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2013 Infiniti IPL G Convertible Road Test and Review

Benjamin Hunting
by Benjamin Hunting
August 7, 2012
8 min. Reading Time

Infiniti has long targeted BMW as its bogey in the premium segment, and this has been especially reflected in the development of the Infiniti G entry-level models.  Although the brand has been able to largely match its German rival's diversity in terms of body styles by offering a G sedan, coupe, and convertible, a dedicated ultra-high performance edition of the vehicle that could go head-to-head with the BMW M3 has been missing from the lineup.

And it still is.  The 2013 Infiniti IPL G Convertible (Infiniti Performance Line) is a baby step towards a day of reckoning with the BMW M Division, but it's not quite the tire-smoking, tarmac-devouring package that one might expect from the priciest member of the Infiniti G family.  Instead, the IPL G Convertible indicates what we might be able to look forward to in the near future from the Japanese luxury automaker.

2013 Infiniti IPL G Convertible: Competition

The 2013 Infiniti IPL G Convertible is all-new for the current model year, although it was preceded by 2012's IPL G Couple.  First and foremost, it's impossible not to imagine that well-heeled buyers won't be cross-shopping the IPL G Convertible against both the BMW M3 Convertible and the Audi S5 Cabriolet - vehicles that roughly bookend the IPL in power output and prestige.  Other players for the open-top luxury performance crown include Audi's two-seat TTS roadster and the Mercedes-Benz SLK55 AMG roadster, and for those who don't mind sacrificing a premium feel for gobs of torque there are the Ford Mustang GT Convertible and Chevrolet Camaro SS Convertible bringing up the rear.


2013 Infiniti IPL G Convertible: Pricing and Trim Levels

The 2013 Infiniti IPL G Convertible comes in a single trim level that starts at an MSRP of $60,600.  Unlike most Infiniti models, the IPL G Convertible does not feature a long list of options or packages - just a few trim items and a wind deflector can be added on to the drop-top in order to push the price past the $61k-mark.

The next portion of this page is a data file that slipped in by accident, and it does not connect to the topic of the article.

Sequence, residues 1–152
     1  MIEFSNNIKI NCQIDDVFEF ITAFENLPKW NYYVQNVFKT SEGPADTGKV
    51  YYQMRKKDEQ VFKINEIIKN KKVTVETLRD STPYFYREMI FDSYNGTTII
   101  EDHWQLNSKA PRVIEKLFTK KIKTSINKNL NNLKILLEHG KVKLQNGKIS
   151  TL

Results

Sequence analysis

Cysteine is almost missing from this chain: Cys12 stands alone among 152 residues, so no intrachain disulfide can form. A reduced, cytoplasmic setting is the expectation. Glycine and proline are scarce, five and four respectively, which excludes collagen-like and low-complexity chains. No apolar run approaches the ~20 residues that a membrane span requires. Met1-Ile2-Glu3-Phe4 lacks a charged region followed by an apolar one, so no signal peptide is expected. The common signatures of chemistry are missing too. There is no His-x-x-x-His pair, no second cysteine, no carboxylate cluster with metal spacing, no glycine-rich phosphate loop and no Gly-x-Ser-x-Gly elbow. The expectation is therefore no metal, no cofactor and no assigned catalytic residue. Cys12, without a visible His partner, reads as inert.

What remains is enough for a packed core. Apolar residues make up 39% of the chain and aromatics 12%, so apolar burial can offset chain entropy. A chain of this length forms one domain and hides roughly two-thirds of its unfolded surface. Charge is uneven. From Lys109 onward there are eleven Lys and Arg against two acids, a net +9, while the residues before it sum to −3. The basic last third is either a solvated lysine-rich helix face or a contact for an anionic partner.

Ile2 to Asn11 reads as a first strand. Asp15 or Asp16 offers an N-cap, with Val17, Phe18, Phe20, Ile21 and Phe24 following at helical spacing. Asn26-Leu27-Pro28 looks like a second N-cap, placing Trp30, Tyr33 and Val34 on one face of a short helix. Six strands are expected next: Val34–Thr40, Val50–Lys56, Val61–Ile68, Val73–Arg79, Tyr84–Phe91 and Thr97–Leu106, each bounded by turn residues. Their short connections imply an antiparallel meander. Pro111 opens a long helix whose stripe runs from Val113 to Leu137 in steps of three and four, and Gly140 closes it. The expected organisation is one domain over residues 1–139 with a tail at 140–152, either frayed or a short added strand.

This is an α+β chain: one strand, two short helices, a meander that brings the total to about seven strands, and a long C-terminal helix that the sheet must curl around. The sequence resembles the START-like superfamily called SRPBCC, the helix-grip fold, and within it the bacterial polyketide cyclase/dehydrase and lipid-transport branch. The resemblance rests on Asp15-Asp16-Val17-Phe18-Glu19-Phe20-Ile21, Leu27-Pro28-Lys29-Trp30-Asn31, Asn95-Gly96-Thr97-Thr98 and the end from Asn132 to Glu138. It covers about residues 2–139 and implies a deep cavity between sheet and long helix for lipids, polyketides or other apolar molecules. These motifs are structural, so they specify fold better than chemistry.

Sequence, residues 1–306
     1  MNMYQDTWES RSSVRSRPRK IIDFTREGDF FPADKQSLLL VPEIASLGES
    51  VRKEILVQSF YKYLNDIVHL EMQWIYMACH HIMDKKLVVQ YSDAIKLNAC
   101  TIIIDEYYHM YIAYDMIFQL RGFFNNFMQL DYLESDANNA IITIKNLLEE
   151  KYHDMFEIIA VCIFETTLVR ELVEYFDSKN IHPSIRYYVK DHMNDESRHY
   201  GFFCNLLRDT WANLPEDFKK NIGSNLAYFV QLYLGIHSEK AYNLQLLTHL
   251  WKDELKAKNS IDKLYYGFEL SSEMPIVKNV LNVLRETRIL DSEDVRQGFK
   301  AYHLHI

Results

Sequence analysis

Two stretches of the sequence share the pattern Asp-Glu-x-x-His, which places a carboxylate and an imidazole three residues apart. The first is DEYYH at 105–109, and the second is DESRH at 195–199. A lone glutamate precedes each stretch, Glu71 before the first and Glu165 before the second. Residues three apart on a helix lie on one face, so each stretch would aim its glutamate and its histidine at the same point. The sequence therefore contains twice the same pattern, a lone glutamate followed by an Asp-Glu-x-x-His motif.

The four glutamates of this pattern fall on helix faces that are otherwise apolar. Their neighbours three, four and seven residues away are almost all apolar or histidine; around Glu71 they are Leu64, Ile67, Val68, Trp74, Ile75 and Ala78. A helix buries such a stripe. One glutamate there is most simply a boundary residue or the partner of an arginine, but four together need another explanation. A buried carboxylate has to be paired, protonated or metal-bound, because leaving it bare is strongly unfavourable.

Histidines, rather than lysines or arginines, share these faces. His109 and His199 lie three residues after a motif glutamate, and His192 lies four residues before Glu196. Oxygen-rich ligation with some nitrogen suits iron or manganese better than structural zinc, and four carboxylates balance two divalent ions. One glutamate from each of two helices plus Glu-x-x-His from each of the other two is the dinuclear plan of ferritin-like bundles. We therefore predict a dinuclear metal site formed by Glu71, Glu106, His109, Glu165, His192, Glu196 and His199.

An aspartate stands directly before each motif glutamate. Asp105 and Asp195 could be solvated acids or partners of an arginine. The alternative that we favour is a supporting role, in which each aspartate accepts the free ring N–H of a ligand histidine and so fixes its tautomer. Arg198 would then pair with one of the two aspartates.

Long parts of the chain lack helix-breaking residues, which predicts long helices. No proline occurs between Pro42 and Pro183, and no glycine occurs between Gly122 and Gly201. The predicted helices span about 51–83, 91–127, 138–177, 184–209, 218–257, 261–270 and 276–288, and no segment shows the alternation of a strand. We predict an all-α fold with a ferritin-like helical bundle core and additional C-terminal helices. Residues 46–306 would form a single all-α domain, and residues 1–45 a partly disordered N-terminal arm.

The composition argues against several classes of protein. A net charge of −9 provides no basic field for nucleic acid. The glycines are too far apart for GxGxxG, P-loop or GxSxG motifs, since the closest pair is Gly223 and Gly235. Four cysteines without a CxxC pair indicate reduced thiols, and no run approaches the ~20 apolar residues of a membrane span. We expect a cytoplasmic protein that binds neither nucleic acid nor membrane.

The Infiniti IPL G Convertible we were given for the week by Nissan Canada featured a three-coat paint option, but other than that there was no extra equipment to be found on the vehicle.  The Canadian-market IPL G Convertible features an MSRP of $67,300 CAD.


2013 Infiniti IPL G Convertible: Exterior

The 2013 Infiniti IPL G Convertible is an absolute beauty queen of a car, and one of the few retractable hardtops on the market that doesn't suffer from ungainly proportions in the rear quarters in order to accommodate the stowed roof.  Changes between the standard edition of the G Convertible and the IPL model are subtle, but numerous from the outside: a more prominent front fascia, extended rocker panel skirts on either side, and shiny twin exhaust tips that gape like the maw of a bazooka from underneath the back bumper are some of the highlights.  The IPL G Convertible manages to appear more aggressive than its less expensive counterpart, but the effect isn't achieved by butching up the bodywork - rather, it is finessed in through the addition of extra muscle just under the skin.  Our IPL tester was sprayed in a flattering shade of Moonlight White, one of only two exterior colors offered with the convertible (the other being Malbec Black).  19-inch rims wrapped in W-rated tires suggest that the drop-top means business and go well with the overall attitude of the automobile.